Spain denies enhancement of lockdown in Igualada covid-19 cluster
Catalan government had decreed total confinement in area with higher death rate than Lombardy
The Spanish government has denied the enhancement of the confinement decreed by the Catalan executive on Wednesday evening in Igualada and three neighboring towns, an area suffering from the biggest covid-19 cluster in Catalonia.
On Thursday morning, the cabinet in Madrid ruled it out, arguing that Spain has already taken the "most drastic measures in Europe and the strictest worldwide in order to beat coronavirus."
Sources of the Pedro Sánchez government also asked Catalonia and the rest of administrations for "unity of action."
Spain has been under a state of alarm since March 14, resulting in the Socialist cabinet taking over Catalonia's self-government when it comes to the key services dealing with the pandemic.
Therefore, the decree passed by the Catalan ministers on Wednesday evening had to be given the go-ahead by Madrid before coming into force.
The Catalan interior minister, Miquel Buch, responded shortly afterwards saying the denial is "not correct at all," adding that Catalonia will "look for other solutions" if Spain continues to reject their appeal.
Despite not supporting the Catalan government's moves to enhance the confinement measures, it was revealed on Thursday evening that the Spanish health ministry were studying the effects of the first phase of lockdown.
'Phase 2' of confinement
Buch announced the plans for enhancing the lockdown measures to 'phase 2' of the confinement at a press conference on Wednesday evening. The decree intended that only essential services be carried out with all others halted for 15 days.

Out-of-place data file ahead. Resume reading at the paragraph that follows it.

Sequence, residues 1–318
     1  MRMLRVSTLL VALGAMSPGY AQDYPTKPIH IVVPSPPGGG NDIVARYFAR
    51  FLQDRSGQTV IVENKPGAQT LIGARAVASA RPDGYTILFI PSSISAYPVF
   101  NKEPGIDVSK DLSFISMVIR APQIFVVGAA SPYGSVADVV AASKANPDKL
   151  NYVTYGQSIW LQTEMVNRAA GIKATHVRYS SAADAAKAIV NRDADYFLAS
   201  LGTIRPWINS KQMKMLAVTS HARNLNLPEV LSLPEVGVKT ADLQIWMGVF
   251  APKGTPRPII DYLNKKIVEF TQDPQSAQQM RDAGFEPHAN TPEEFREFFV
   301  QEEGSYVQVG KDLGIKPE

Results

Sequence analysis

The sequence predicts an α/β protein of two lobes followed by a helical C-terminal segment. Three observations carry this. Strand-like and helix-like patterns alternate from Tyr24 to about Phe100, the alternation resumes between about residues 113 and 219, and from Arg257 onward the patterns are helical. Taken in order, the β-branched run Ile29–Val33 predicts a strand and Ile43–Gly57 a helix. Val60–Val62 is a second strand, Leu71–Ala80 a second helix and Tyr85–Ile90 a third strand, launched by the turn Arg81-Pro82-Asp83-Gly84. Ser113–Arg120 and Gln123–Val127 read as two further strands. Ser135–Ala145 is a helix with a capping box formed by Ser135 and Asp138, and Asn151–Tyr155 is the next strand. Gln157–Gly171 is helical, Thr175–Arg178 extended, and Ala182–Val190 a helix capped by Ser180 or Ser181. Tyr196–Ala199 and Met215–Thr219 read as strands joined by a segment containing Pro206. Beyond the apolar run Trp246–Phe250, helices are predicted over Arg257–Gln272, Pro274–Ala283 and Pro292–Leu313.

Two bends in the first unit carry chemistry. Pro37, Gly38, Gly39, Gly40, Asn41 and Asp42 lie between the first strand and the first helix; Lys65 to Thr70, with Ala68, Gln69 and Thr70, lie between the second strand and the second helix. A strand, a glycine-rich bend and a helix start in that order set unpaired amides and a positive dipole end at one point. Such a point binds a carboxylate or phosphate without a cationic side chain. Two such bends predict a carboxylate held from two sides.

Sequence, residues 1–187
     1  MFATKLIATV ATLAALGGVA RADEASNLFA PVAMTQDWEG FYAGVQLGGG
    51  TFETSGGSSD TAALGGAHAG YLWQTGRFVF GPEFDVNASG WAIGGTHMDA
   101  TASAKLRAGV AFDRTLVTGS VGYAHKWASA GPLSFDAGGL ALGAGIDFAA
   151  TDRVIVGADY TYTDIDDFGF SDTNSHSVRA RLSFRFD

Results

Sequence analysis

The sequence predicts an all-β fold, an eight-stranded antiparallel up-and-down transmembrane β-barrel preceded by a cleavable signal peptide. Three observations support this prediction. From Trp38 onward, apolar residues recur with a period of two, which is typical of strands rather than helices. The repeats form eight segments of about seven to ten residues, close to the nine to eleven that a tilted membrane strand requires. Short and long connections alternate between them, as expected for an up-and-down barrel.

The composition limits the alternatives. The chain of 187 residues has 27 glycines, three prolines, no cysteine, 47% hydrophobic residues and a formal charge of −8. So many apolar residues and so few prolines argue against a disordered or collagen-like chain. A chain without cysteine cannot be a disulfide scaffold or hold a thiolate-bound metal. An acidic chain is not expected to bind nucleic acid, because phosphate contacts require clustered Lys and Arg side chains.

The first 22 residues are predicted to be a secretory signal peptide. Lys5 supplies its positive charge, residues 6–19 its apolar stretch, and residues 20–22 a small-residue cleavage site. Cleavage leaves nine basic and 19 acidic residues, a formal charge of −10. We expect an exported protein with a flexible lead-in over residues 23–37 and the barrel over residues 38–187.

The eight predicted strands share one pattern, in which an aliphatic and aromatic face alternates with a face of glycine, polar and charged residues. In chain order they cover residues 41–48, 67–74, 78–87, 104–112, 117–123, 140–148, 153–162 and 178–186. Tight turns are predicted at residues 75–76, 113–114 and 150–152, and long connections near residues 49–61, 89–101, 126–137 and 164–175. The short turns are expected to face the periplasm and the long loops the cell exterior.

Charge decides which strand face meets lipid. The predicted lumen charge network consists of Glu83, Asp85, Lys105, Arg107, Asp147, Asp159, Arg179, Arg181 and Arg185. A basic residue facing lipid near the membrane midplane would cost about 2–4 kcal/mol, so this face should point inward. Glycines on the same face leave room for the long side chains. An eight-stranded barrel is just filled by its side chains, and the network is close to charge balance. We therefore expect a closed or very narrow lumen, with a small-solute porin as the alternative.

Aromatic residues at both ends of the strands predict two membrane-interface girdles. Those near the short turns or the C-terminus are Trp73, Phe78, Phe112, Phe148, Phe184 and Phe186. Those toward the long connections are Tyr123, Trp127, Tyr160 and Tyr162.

"Everyone, and I mean everyone, must stay home," said Buch, adding: "We are not doing this because we want to, but because we have to."
Buch highlighted the seriousness of the situation by comparing Igualada's coronavirus fatality rate of 63.1 deaths per 100,000 inhabitants to Catalonia's rate of 6.9 deaths, Spain's 7.4 deaths, Madrid's 27.9 deaths, and the Italian region of Lombardy's 41.6 deaths per 100,000 inhabitants.
Catalan health minister Alba Vergés, a resident of Igualada, also spoke about the measures: "They are very drastic but necessary."
Vergés said that transmission rate reduction can only occur if everyone stays home.
The health minister confirmed there were 306 positive cases in the area, of which 140 are health professionals. 41 people have died.
The towns of Igualada, Vilanova del Camí, Santa Margarida de Montbui and Òdena have been in quarantine since March 13.
According to 2019 figures from the Catalan Statistics Institute, the area in lockdown, shown in the map above, has a total population of 66,048.
An investigation into that the outbreak that led to the four towns being completely sealed off by police showed it could be traced back to a lunch held on February 28 that was attended by 80 people, many of whom work in Igualada Hospital.
Testing for residents
Meanwhile, Igualada mayor Marc Castells has asked that all residents of the area be tested, whether they have symptoms or not.
"We calmly but with determination demand that the entire population be tested," Castell stated on Thursday.